That night we were divided into groups for the yurts and cabins.  I shared a yurt with Jesse (Oregonians for the win).  It was unheated (something that wasn’t quite mentioned in the pre-trip e-mail from our coordinators), but comfy and definitely fun.  I slept with all my clothes on and three wool blankets to stay warm.  The showers and weekend schedule were a little inconvenient for showers, so our group mostly went without and looked extremely attractive by the time we headed home.  My OSU beanie and sweatshirt made me stand out in all the group pics just like normal. (Sidenote: everyone in Turkey owns either a dark brown or black coat, so when I wear my OSU sweatshirt, my Phi Rho letter sweatshirt or my blue rain jacket, I am always the brightest one in the crowd)

The next day we started with a fun Turkish breakfast filled with shooing away wasps from the honey.  We learned that the farm trades it’s products (olives and olive oil soap) with other farms for ingredients for their meals. So the honey we were eating was produced by local bees from another farm nearby.  We took a small tour of the farm and learned that it is disconnected from the power grid and produces all the electricity that is needed from a few solar panels, a wind turbine and a water wheel during the winter.  There is a river right down the hill that provides water for the bathrooms and showers. Drinking water is brought in from the nearest town.  The farm has many olive tress on the property and is also surrounded by cultivated olive groves.  I learned that all the trees are grafted so that the roots are that of the wild olive that is native, and the branches are from the preferred eating olive.  This way, the tree grows well in the climate and produces the desired product as well.  We took a trip to the sustainable farm cultural center where we learned about the philosophy of the farm.  They told us that their mission is to reduce the distance that food travels and keep everything organic so that it is healthier for you. Though this is great, I think we were the wrong audience because we were all students with limited budgets. Organic food is expensive!

Back at the farm we took a small hike to the top of the nearby hills to see the view. We also got to see an old grist mill and bridge that we climbed on. Of course there were no safety measures, as this is Turkey, and our residence director and her boss who was along for the trip looked rather worried a few times.  We also got to pick olives so that we could make our own to take home. We picked the fattest completely green olives, smashed them with flat rocks so that the flesh cracked, and put them in a jar full of water.  Erkan, the farm owner instructed us to change the water after each three days, for nine days and then change the water and add a good amount of salt.  This removes the bitterness and cures the olives when the salt is added.  My olives are now sitting in the salt water waiting for my taste test when I return from my weeklong holiday vacation.  Hopefully they turn out ok.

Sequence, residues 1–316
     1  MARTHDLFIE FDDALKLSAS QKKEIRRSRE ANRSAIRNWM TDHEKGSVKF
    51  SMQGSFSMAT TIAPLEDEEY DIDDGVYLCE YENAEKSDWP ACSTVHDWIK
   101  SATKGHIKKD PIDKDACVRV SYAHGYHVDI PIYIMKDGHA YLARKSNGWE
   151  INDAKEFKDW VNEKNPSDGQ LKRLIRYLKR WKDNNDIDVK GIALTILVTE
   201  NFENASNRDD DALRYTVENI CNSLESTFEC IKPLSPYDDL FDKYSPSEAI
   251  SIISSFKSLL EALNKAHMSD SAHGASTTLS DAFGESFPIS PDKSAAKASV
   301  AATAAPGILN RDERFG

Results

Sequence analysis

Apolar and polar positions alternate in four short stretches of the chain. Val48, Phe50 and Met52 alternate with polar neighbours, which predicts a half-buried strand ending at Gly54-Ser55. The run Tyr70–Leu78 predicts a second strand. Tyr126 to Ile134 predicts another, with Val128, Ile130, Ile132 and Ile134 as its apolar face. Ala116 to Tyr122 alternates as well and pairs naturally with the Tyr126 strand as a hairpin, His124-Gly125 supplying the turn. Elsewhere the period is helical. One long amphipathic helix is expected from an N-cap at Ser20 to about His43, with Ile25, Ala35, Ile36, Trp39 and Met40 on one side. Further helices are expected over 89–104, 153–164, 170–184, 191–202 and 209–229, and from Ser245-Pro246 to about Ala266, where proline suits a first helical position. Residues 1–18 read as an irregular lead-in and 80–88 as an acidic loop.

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The old bridge near the grist mill.

 

 

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Smashing olives. Yes, those rocks are from the ground. Hopefully none of us get sick from the olives.

For dinner we got to help the volunteers cook!  (I was soooo excited!) Remember that there isn’t very much electricity available.  We made falafel, hummus, salad, rolls, apple and pumpkin tart and quince cake.  I was on the falafel and hummus team. We used a hand grinder to grind the chickpeas (Garbanzo beans) and herb mixture that were used for the falafel and then cooked the remaining chickpeas and ground those for hummus.  It took a little over two hours to cook everything for dinner, but it turned out delicious!

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The open air kitchen.

That night we joined in a Turkish wedding celebration. The farm’s owners had been invited to the wedding, and they asked if they could bring our group and the family agreed. This was really fun cause we got to learn how to do a traditional Turkish dance, learned about the henna night of the wedding (Turkish weddings last for three days) and congratulate the bride with our limited Turkish language skills.

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Dancing at the Turkish wedding! The bride was dressed beautifully! This was the first day of the wedding or the henna night.

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Ignore my face in this photo (I thought he was just taking a picture of our hands). This is the henna that the girls get at the wedding celebration.

Our last day of the trip included another great breakfast, receiving a lot of olive oil soap from the farm, touring an olive oil museum, and touring Troy! (see next blog entry)